“I went to the woods because I wished to live deliberately… and see if I could not learn what it had to teach, and not, when I came to die, discover that I had not lived.”
I’ve written about Walden Pond before. And I’ve been inspired to write about Walden again because of my dear, sweet friends Mrs. Mediocrity and Wholly Jeanne. It seems we’ve somehow made Walden Pond into a verb. It was a natural transition during a discussion, this evolution of language. I’m fairly certain Thoreau would approve. It was quite a transcendental experience.
The three of us wish to walden. What does it mean to walden? We’re still working that out. But to be sure I want it to mean that we are seeking to live deliberately. To live with purpose. To live with excitement in knowing that what we do is colorful and bursting with exception.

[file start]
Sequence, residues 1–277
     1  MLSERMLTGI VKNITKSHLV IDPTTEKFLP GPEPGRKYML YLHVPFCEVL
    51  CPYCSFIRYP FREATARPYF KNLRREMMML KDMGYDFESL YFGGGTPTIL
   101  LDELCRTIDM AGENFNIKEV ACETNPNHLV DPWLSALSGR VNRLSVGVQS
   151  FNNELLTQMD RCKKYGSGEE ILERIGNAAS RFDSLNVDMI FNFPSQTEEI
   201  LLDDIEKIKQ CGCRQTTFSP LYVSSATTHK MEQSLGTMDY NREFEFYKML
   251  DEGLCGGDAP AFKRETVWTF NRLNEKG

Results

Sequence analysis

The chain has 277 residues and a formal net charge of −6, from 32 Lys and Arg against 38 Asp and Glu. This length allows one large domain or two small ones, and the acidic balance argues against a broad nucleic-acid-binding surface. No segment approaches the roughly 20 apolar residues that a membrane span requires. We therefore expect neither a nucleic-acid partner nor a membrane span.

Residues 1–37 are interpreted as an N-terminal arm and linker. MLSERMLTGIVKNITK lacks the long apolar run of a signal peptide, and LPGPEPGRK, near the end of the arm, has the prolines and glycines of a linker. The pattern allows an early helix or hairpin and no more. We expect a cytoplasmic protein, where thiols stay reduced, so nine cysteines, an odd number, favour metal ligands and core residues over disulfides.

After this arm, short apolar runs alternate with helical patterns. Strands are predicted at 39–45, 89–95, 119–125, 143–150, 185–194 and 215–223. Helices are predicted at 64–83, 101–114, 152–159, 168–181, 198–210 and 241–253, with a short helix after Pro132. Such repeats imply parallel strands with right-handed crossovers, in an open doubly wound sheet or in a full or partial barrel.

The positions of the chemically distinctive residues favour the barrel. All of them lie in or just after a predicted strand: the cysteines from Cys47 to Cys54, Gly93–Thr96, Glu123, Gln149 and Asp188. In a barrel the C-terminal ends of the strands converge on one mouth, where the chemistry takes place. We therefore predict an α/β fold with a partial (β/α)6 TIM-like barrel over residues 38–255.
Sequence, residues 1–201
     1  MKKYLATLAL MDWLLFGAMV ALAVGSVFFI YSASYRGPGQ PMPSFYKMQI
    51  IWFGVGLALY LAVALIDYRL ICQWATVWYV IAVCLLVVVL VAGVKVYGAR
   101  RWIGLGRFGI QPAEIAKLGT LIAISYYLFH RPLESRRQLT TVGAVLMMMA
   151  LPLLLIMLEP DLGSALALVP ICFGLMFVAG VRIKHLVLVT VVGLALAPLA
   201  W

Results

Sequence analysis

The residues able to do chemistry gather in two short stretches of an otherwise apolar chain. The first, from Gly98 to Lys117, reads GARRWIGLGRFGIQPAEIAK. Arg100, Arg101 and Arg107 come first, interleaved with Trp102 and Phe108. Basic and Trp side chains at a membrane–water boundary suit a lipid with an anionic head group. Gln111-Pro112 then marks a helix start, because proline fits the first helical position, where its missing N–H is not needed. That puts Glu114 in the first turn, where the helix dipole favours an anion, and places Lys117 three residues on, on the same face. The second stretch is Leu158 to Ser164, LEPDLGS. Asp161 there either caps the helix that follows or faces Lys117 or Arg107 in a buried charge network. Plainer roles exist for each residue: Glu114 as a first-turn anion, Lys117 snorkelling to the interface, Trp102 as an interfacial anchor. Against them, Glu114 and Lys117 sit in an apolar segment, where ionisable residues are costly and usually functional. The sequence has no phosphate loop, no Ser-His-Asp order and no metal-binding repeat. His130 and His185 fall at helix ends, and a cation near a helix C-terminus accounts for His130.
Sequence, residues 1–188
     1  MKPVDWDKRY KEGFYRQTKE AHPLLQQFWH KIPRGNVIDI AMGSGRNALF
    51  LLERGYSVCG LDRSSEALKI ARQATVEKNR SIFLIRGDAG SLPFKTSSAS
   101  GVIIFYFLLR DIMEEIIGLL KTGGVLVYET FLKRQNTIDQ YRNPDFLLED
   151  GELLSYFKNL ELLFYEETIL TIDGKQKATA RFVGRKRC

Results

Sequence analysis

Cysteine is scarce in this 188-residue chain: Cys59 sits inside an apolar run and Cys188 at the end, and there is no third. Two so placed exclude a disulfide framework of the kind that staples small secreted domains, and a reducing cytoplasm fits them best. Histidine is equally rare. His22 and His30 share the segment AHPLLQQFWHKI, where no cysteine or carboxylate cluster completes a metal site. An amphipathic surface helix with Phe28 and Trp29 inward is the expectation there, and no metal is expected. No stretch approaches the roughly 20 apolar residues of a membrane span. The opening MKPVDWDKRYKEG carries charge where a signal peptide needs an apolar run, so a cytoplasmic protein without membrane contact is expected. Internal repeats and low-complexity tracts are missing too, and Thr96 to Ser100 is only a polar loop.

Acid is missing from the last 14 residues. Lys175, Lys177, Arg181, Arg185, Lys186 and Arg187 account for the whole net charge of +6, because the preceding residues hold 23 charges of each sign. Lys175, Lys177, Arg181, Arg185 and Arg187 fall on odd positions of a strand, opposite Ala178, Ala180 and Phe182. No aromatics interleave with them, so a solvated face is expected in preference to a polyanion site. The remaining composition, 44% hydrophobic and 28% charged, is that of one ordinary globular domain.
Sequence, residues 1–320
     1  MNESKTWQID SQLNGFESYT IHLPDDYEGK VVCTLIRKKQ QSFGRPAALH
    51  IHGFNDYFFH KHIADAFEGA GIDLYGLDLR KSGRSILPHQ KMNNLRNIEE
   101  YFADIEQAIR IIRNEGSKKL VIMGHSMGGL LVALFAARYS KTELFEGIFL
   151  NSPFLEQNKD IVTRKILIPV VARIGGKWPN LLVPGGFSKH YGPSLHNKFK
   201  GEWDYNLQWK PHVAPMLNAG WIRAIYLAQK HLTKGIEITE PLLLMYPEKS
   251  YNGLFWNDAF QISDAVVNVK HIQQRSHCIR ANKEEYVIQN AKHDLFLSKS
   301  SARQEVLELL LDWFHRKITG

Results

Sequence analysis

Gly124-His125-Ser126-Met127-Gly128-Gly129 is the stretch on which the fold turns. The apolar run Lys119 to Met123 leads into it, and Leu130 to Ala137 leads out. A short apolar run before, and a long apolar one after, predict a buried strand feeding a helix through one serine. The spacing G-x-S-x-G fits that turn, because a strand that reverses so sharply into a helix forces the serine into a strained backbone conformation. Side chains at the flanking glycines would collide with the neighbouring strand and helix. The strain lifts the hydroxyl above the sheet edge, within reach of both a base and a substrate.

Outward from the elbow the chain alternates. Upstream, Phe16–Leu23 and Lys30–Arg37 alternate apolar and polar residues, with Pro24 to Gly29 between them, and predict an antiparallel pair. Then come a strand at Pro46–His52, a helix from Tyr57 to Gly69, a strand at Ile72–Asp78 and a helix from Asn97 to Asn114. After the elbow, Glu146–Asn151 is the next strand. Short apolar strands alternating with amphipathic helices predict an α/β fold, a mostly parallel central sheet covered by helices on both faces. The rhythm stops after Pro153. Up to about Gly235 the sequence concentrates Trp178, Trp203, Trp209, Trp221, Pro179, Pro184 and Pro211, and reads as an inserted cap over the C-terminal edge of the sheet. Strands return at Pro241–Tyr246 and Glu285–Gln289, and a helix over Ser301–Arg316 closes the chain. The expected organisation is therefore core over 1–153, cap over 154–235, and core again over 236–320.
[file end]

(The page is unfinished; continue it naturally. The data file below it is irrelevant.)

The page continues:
“Things do not change; we change” when we walden. We change in order to see the world, be the world, and experience the world. The conflicts and joys might be the constants in our lives, on a the perpetual timeline that we are to experience, but as we walden along, we flicker. We deliberately live. We wrap our arms around life and breathe it in.
Waldening can be exhausting business, but it can be thrillsome, too.
When we walden… it’s not done in a specific time or place. It’s a conscious choice, a deliberate act. With ever word we write, every breath we take, each moment we live. This is walden. “To be awake is to be alive” when we walden.
I am awake; I am alive. Let’s walden.